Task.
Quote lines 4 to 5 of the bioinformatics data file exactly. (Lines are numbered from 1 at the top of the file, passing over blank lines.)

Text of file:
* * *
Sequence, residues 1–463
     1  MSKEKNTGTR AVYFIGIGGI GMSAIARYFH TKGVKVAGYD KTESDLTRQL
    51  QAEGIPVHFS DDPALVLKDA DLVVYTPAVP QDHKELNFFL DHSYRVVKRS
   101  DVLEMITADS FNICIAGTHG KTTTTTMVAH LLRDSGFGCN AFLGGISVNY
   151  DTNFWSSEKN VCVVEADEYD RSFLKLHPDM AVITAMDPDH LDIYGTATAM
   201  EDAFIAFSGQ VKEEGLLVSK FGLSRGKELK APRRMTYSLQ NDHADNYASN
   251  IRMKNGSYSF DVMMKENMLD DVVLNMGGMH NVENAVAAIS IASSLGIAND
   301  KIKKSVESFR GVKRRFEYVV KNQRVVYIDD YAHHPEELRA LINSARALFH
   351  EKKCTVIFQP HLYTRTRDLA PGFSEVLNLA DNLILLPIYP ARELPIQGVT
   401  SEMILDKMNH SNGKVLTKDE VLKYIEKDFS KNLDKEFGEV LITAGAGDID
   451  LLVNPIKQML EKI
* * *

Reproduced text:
   101  DVLEMITADS FNICIAGTHG KTTTTTMVAH LLRDSGFGCN AFLGGISVNY
   151  DTNFWSSEKN VCVVEADEYD RSFLKLHPDM AVITAMDPDH LDIYGTATAM